No such danger is felt in Sargent’s portrait of the British novelist and critic Violet Paget (aka Vernon Lee). The lives of artist and subject paralleled from the start: both born in 1856, both born to émigré parents who valued culture and education, both the product of a “continental” upbringing, both with vivid imaginations.8 They met when they were just ten and quickly bonded; during their adolescence, they spent weeks painting and drawing together, discussing music and exploring the cities of Europe. Their sturdy friendship must have been all the more valuable given their peripatetic lifestyles. Sargent would manifest their mutual admiration for European culture in his paintings; Lee’s vehicle was her much-praised Studies of the Eighteenth Century in Italy (1880), published when she was only twenty-four. So close was their bond that Sargent would later refer to her as his “most illustrious twin.”9
It is this intimacy, this bond between two vibrant and singular personalities that Sargent captured, like a firefly in a glass jar. With her cropped, brownish-black hair tousled and her eyes nearly hyperextended, Lee seems clairvoyant, a woman of extrasensory alertness. The raw canvas at the left edge distinguishes this work from Sargent’s polished portraits of European aristocrats and justly includes Lee in his circle of artists. Sargent’s use of her birth name in his inscription—“to my friend Violet”—underscores their bond. His success here is somewhat ironic, in that Lee maintained little faith in the act of portrayal. “We do not guess,” she wrote, “that this humble desire for a likeness is one of our most signal cravings after the impossible: an attempt to overcome space and baffle time; to imprison and use at pleasure the most fleeting, intangible, and uncommunicable of all mysterious essences, a human personality.”10 Well aware that “ogni dipintore dipinge se,” she noted, “in truth, a portrait gives the sitter’s temperament merged with the temperament of the painter.”11 Indeed, in the Lee portrait, Sargent conveys their deep friendship and mutual admiration through the Delphic language of his brushwork.
When Sargent invested such intimacy in his portraits, he nearly electrified them. His depiction of the well-regarded novelist and translator Madame Emma-Marie Allouard-Jouen (1882), seen at the age of forty-six, reflects his high regard for her intelligence. To some, her black hair, hat and dress might seem funereal; here, they reflect her sagacity. Her downward gaze might read, at first, as arrogant; here, it conveys her profound humanistic empathy. Set against a tenebrous backdrop of burnished golden brown, with light gently rising from the abyss, she emanates both worldliness and transcendence. She can hold her own against any portrait by Rembrandt.
The daughter of the French writer and aesthete Théophile Gautier and his Italian mistress, the operatic contralto Ernesta Grisi, Judith Gautier was long surrounded by members of the French intelligentsia. A noted Sinologist and translator of Japanese and Chinese poetry, she was, like Vernon Lee and Allouard-Jouen, an accomplished woman.12 The intimacy of her friendship with Sargent is less evident in her indoor portrait (c. 1883), in which she leans gracefully on the edge of her piano, than in the singularly refreshing Judith Gautier: A Gust of Wind (1883). In the latter, we see an abstracted Gautier set against a cerulean blue sky.13 Broad streaks of paint invoke the wind that threatens Gautier’s broad-brimmed hat. Precociously, Sargent experiments with dematerialization, recalling late Titian, late Inness, late Cézanne. Mimesis is not his goal; Gautier’s face, composed of flat planes of color, resembles that of a kabuki actor. For a scarf caught in the breeze, Sargent flecked two dashes of white near Gautier’s left shoulder. For a hint of the grayish-black dress under her cream-colored gown, he constructed a three-sided square through several daubs of dark paint. “Col sporar si trova,” Piranesi inscribed into one of his prints: “messing about one finds.” In these types of aesthetic events, David Rosand observed, the artist “affirms his belief in that Leonardesque aesthetic, in the open form, the macchia, as a source of new inventions.”14 Through the vascular activity of his brush, Sargent honed his capacity to engage his viewer in the fiction of art.15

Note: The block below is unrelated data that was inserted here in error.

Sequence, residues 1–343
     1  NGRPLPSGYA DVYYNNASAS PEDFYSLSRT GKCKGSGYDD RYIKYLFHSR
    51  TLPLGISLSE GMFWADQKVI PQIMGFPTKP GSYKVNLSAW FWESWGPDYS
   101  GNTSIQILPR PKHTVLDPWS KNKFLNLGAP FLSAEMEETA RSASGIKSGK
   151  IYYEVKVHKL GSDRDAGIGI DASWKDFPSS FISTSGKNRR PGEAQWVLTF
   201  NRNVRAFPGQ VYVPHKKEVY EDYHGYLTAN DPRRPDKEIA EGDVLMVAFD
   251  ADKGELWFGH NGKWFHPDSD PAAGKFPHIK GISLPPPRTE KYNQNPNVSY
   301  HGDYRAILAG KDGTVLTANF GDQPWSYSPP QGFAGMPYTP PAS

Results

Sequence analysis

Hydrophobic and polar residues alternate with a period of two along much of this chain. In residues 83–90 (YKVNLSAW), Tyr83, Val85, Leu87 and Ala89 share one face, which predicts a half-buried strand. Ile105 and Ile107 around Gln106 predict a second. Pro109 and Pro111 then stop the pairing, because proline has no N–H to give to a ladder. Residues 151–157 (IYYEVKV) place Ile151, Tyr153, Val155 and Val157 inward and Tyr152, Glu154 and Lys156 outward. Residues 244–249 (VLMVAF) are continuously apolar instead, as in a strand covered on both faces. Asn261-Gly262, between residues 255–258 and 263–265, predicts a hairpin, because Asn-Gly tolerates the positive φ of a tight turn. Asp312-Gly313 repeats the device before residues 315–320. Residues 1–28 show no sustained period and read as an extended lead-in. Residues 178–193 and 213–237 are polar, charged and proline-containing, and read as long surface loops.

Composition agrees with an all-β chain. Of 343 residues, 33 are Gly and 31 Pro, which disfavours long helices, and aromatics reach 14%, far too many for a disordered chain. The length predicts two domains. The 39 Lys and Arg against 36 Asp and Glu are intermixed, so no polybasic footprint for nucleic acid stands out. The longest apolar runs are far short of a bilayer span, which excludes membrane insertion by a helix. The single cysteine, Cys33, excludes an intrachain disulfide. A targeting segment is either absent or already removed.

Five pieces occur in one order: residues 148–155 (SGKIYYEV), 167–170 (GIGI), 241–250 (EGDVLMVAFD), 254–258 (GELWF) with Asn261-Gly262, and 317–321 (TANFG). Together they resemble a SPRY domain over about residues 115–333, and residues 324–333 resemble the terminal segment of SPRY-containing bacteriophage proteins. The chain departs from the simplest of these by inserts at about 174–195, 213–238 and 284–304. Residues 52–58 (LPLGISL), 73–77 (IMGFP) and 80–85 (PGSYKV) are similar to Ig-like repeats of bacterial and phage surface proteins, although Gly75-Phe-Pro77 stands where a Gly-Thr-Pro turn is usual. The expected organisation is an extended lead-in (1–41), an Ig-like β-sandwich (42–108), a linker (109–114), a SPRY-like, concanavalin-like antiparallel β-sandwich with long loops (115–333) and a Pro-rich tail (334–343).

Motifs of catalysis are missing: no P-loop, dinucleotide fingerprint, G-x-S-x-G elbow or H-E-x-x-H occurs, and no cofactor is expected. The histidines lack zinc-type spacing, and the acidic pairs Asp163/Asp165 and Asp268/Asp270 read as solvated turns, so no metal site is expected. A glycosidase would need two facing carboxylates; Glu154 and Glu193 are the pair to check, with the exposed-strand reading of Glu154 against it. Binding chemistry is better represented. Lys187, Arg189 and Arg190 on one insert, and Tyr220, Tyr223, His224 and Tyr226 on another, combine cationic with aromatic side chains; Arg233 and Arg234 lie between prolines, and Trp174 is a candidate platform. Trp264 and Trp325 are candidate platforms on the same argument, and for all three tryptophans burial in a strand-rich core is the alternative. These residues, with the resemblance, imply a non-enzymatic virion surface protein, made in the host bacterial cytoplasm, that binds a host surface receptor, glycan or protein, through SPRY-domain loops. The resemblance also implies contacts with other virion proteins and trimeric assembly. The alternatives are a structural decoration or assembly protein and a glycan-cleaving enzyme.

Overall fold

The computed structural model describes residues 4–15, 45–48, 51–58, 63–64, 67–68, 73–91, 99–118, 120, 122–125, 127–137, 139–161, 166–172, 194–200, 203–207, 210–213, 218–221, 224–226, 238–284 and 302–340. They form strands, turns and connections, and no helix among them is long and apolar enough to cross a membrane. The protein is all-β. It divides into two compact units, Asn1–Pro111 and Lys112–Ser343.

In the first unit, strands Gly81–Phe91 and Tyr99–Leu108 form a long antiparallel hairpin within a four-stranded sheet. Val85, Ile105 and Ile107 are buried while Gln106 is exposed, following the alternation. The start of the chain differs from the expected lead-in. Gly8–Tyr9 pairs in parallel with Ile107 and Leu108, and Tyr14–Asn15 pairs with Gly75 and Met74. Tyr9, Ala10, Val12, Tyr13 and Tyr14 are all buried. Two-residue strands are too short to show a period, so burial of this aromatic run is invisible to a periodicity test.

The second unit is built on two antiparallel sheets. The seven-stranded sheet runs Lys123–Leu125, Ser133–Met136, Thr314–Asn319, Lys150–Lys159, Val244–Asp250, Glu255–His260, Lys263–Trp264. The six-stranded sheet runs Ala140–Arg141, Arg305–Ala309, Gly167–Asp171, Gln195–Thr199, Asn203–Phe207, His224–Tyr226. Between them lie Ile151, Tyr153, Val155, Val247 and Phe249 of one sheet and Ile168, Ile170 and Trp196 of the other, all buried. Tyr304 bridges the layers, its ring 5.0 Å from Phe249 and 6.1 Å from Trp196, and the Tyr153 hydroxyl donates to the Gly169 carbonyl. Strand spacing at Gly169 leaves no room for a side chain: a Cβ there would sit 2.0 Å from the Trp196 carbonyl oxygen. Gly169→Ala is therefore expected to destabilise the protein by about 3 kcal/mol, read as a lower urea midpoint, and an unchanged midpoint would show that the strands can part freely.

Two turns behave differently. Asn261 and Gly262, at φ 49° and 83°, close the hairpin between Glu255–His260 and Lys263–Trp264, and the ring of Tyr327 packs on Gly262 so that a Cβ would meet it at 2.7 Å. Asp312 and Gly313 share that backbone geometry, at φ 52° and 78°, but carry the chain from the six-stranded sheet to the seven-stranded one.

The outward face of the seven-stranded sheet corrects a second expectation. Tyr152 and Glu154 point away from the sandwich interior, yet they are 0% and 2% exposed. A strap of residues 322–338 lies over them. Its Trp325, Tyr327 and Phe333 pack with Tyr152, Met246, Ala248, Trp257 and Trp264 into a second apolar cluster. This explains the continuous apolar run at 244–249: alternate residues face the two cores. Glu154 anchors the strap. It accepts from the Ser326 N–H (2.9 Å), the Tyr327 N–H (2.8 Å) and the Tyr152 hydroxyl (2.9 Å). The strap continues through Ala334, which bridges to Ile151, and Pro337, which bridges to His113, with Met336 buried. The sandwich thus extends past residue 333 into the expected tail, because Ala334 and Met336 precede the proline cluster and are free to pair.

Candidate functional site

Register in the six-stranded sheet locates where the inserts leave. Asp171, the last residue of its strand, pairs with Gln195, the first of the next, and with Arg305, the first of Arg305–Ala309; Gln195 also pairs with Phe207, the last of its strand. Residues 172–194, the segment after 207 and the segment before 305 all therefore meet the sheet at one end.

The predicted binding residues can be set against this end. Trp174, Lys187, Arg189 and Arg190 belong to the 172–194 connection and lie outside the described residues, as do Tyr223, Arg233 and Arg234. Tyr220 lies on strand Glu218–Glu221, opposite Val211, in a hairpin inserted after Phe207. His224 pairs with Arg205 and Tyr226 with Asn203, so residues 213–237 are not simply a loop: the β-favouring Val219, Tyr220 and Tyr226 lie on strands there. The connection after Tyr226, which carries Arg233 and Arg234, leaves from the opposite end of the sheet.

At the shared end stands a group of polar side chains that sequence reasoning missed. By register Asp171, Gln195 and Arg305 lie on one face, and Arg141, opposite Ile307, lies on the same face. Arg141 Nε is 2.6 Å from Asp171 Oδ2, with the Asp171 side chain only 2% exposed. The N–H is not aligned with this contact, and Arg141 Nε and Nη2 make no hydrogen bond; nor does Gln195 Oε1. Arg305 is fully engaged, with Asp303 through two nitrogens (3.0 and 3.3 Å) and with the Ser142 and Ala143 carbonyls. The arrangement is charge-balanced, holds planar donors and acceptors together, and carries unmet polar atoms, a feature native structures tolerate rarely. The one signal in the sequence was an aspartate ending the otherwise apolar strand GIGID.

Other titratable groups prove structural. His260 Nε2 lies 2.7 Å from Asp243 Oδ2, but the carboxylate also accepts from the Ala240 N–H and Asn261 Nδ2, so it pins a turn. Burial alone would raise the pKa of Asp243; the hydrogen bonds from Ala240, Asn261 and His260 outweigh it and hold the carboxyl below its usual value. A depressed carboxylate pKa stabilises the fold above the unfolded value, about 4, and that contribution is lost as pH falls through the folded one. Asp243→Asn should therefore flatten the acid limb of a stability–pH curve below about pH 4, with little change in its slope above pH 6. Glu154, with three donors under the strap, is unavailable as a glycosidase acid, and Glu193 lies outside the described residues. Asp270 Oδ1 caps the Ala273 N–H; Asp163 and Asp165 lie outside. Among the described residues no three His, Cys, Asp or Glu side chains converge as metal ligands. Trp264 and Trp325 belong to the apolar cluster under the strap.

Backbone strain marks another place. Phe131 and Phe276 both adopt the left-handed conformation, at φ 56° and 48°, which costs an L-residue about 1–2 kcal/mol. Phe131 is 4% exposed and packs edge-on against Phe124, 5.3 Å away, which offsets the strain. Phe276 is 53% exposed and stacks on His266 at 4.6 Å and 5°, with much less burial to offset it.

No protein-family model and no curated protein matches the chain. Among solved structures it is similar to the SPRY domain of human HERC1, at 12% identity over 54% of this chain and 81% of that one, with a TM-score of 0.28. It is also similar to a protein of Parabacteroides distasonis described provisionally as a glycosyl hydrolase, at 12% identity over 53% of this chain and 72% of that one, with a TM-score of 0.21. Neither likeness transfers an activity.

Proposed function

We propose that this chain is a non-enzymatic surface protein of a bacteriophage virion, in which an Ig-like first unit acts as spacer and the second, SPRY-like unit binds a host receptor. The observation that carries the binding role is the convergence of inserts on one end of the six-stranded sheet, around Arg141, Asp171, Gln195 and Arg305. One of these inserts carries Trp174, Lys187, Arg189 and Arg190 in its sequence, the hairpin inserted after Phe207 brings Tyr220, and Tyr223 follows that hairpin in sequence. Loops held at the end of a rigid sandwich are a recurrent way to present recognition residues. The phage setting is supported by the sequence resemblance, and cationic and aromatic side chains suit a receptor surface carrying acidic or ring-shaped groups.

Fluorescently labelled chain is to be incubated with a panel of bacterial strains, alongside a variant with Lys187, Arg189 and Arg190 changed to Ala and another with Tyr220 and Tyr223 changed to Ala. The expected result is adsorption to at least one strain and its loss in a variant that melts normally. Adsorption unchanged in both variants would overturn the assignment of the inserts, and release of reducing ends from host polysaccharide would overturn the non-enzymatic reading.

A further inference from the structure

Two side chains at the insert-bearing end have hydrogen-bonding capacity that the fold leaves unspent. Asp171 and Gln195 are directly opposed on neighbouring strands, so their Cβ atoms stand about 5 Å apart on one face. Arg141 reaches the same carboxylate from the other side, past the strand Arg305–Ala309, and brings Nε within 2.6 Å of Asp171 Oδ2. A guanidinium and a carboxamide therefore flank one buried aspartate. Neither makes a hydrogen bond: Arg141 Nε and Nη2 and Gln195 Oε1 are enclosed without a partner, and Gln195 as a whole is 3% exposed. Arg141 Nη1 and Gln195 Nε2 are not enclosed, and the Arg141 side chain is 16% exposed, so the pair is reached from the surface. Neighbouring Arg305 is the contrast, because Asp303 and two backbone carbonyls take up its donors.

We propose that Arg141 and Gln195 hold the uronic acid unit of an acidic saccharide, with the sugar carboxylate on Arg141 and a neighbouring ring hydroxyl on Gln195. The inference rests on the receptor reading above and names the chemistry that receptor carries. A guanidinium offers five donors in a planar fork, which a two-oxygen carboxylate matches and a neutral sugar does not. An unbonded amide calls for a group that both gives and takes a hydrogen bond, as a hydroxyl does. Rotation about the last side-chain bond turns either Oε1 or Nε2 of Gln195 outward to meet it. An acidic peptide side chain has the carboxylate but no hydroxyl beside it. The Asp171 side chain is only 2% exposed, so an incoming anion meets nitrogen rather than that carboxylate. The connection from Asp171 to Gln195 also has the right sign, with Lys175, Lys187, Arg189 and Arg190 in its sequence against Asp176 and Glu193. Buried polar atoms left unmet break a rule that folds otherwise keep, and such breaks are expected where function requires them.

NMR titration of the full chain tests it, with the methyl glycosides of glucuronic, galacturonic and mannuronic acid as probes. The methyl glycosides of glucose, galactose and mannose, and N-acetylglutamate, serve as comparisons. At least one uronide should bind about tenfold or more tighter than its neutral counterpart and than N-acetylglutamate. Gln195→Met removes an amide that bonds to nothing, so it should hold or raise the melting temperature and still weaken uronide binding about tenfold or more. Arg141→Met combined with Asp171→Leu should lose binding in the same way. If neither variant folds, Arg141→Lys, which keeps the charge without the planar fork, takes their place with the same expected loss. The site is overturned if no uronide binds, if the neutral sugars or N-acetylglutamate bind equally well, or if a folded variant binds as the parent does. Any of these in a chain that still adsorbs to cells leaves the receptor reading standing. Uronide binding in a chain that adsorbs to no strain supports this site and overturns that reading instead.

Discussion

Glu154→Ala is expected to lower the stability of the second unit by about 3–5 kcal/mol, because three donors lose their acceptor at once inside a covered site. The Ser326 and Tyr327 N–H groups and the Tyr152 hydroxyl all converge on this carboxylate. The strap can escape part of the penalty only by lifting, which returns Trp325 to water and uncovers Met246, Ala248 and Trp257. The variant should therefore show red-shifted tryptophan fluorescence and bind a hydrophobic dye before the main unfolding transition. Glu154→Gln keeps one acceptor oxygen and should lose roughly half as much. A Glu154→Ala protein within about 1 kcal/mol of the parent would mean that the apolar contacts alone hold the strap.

While visitors to the Met have access year-long to the celebrated Madame X (1884), the portrait seems all the more eccentric when juxtaposed to the majestic Dr. Pozzi at Home (1881). The painted Gautreau, famous for having the fallen right strap of her figure-hugging black dress restored to her shoulder after it caused an outcry at the Paris Salon of 1884, exhibits lavender-powdered skin that seems icy beside Pozzi’s warm-blooded flesh.16 Likewise, her Egyptian pose, grievous to sustain, clashes with his open and engaging stance. Warmth emanates only from her auburn hair, though, it, too, being henna-dyed, embodies artificiality. Contrasted to A Gust of Wind, Madame X evokes Sargent’s Florentine education and his youthful attempt (c. 1870) to copy Michelangelo’s San Lorenzo allegory of Night (1526–31).17 Gautreau’s twist and graven outlines even conjure the Renaissance statue’s marmoreal substance. To press the point, we sense in the work a measure of Florence, about which the great humanist Leonardo Bruni wrote: “Nowhere else do you find such internal order, such neatness, and such harmonious co-operation….There is nothing here that is ill proportioned, nothing improper, nothing incongruous, nothing vague; everything occupies its proper place….”18 Bruni’s vision was, of course, idealized—an impossible dream. Perhaps Madam X’s claim of perfection, an inhuman goal (and one for which Sargent is equally responsible), contributed, as much as the fallen strap, to the painting’s denunciation.